Happy employees are more productive. If an employee is happy, they’ll be more likely to be engaged, and go above and beyond to perform well.
Unfortunately, few managers make the link between an employee’s happiness, and their willingness to do great work. Instead, managers focus on results and look at the amount of work completed or time spent working.
If managers were smart, they would focus on employee happiness, and allow employees to naturally come up with great ideas and provide great service.
Even without looking at any data, it makes sense that if you’re happier, you’ll be more productive because you’ll enjoy what you’re doing more.
But this has now been proven by research.
In March 2014, a group of U.K. researchers conducted a study to try and find the link between happiness and productivity: Happier people are about 12% more productive, the study found.
How Managers Can Make Their Employees Happy
There are a few simple things that managers can do to make their employees happier, and the main keyword is respect.
Have you ever heard of the Hawthorne effect? It’s the increase in productivity in the workplace when people feel that they are cared about.
Show employees that you genuinely care about them and their personal growth. You can measure employee happiness using surveys, and find out what really matters to them.
Once you find out what their true passions are, you can start to help them develop it.
Continuous learning is incredibly important to employees, and focuses on their intrinsic motivation, which is likely to make them happier long term. Things like classes online, mentorship programs, or fun activities like hackathons can be great ways to keep employees happy.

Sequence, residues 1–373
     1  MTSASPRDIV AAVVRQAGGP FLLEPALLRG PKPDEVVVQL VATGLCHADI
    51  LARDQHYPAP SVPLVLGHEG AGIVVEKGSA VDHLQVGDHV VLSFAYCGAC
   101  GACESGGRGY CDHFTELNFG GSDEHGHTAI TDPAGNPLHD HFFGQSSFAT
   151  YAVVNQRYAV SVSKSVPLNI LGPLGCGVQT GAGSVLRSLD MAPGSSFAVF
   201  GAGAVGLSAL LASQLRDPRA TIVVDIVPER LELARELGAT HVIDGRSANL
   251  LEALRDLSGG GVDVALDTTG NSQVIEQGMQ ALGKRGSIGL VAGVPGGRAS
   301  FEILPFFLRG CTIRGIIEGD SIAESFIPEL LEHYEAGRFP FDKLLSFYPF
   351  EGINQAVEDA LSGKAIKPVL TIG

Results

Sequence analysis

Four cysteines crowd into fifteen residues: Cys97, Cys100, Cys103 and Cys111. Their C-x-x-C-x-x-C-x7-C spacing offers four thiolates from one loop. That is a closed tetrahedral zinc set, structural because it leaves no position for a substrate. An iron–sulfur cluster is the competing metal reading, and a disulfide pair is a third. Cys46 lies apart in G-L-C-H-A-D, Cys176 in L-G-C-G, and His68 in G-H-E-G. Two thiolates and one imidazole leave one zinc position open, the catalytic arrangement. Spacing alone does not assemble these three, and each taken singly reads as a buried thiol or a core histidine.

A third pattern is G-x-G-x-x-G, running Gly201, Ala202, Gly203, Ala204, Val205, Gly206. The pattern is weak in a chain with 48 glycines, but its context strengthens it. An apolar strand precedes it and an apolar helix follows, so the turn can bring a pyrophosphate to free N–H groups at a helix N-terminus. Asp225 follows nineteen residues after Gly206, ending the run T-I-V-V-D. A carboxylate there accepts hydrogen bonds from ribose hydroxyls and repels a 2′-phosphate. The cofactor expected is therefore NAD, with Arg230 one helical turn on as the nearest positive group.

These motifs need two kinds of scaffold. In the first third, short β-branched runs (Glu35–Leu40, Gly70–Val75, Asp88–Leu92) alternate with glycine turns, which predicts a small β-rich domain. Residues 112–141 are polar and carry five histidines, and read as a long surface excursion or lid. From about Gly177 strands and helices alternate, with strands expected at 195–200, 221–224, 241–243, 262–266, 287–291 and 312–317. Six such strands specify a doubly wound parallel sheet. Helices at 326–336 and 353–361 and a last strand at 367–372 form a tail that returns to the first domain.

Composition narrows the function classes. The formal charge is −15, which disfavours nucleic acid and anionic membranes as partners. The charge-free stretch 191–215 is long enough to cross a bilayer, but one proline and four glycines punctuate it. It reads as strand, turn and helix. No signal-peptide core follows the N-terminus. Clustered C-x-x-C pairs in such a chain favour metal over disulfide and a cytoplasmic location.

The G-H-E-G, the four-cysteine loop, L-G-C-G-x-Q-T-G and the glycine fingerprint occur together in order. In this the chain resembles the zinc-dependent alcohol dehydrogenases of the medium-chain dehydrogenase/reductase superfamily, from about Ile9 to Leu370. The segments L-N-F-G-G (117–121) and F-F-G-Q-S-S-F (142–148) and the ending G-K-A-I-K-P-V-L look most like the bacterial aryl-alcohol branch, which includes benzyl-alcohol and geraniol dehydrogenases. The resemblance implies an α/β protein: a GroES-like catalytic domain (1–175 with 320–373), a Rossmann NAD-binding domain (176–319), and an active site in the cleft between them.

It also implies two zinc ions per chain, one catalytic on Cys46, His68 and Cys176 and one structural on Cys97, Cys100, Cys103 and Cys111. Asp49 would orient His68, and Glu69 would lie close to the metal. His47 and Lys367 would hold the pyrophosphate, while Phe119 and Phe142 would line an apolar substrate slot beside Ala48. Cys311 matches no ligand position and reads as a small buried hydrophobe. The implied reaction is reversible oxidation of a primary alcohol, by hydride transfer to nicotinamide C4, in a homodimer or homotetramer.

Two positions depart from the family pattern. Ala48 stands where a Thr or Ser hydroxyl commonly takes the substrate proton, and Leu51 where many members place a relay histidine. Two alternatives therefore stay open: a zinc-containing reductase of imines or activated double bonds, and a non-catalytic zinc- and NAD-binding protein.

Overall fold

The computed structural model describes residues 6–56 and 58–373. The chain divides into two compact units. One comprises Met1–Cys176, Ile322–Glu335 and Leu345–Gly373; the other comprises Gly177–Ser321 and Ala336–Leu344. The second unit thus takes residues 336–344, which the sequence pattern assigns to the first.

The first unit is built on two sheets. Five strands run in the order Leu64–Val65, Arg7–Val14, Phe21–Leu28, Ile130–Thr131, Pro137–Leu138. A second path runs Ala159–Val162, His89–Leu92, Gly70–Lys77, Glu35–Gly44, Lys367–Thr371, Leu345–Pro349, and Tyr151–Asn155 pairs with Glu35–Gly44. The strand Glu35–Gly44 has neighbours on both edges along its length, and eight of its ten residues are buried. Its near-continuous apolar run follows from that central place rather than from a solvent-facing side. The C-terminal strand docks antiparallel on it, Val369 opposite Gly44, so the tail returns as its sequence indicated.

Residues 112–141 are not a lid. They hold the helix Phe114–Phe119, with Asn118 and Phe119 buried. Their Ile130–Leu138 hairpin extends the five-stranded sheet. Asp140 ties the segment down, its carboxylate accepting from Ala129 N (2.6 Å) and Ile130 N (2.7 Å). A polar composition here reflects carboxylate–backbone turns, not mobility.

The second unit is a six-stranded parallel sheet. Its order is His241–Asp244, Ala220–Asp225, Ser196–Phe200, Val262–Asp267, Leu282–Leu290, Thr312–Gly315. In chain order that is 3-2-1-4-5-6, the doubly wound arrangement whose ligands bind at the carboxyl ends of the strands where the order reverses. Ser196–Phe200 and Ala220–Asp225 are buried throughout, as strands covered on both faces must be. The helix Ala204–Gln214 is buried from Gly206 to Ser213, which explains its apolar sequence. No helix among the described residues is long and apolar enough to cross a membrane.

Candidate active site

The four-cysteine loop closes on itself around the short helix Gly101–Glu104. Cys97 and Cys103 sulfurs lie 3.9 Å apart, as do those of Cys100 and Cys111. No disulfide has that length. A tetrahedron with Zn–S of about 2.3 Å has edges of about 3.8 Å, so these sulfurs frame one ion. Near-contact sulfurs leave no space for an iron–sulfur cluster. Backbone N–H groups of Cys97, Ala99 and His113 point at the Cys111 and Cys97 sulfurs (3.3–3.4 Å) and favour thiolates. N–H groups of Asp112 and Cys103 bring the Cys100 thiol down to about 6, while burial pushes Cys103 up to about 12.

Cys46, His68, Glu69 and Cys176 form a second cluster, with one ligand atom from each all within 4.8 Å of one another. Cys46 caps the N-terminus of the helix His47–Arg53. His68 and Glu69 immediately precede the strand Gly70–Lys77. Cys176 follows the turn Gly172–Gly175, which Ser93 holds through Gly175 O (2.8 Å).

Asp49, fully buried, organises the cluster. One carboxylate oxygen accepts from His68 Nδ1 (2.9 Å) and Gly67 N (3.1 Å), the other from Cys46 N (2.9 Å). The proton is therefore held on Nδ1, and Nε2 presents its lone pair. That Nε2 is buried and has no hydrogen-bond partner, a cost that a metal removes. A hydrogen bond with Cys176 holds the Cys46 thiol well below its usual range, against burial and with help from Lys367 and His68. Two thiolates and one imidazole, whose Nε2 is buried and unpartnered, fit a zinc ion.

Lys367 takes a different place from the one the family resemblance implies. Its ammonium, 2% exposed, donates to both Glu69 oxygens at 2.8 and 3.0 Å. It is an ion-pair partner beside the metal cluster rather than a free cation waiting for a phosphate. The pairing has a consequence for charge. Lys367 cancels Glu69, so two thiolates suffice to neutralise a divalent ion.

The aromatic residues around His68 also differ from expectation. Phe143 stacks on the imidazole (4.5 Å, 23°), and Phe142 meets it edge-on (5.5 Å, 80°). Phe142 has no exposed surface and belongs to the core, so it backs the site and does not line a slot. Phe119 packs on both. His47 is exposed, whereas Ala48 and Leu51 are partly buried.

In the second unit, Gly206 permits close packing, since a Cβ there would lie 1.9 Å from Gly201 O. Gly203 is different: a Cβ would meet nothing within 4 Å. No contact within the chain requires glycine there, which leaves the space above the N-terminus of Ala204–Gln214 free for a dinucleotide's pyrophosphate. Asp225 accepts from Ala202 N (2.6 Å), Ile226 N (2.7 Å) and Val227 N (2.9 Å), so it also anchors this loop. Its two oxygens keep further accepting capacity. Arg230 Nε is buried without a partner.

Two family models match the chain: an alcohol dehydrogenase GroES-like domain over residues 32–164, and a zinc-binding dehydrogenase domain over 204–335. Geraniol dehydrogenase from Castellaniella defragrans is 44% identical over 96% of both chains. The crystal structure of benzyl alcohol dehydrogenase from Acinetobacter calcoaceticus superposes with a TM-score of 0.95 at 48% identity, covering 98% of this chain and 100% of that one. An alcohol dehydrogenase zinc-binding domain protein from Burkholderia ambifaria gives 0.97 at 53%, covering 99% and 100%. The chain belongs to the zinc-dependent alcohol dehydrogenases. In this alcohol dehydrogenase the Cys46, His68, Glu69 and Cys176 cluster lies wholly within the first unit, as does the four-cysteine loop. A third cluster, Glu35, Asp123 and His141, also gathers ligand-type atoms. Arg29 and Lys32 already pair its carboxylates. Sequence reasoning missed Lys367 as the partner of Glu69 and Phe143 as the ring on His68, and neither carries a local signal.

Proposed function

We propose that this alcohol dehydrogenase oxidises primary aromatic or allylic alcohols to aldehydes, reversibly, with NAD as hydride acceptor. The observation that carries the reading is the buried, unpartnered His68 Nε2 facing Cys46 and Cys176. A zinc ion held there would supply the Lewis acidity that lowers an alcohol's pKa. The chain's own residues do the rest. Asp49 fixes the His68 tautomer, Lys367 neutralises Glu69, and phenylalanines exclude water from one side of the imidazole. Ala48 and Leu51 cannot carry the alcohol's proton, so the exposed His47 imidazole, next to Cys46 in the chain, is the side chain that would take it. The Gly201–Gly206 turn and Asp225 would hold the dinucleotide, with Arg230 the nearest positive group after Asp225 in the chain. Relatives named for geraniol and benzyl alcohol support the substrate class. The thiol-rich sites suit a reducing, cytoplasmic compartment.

Use The Net Promoter Score
The Net Promoter Score (NPS) is the simplest way to measure employee happiness, because it’s one simple question.
The NPS is originally a customer service tool.
The way it works, is you ask a customer a simple question: “On a scale from 1-10, how likely are you to recommend our product/service to a friend?”
Scores 6 or lower are known as detractors, 6-8 are known as neutral, and 8-10 are known as promoters.
To get your score, you take the number of promoters, minus the number of detractors, and divide by the total number of answers.
In product management, it’s the best way to know if your product is actually good, because the theory is, if someone is willing to recommend your product to a friend, then they actually like it.
Instead of using it for customer service, use it to gauge how employees really feel about your company.
Work On Your Own Happiness
I don’t think it’s realistic to expect managers to increase your happiness for you, and be responsible for doing that.
You should take happiness into your own hands, and do simple things that will make you happier, regardless of what your manager does.
Here are a few things that have been proven to make you happier.
- Exercise – It’s been proven scientifically that exercising will make you happier. If you can, exercise in the middle of the day to get that extra boost of energy for the afternoon.
- Get rest – Lack of sleep can put you in a pretty bad mood, and sleep has been proven to make you happier. It’s not necessarily about the number of hours you sleep, but more about your habits.
- Help Others – Helping others, like your coworkers, is a proven way to become happier and to feel less pressured at work.
- Meditate – According to the research, regular meditation can actually rewire your brain to become happier. Look into the app called Headspace, it’s my favorite app out there (besides Officevibe of course).
What Do You Do To Increase Employees’ Happiness?
This article was syndicated from Business 2 Community: Why Managers Need To Focus On Employee Happiness
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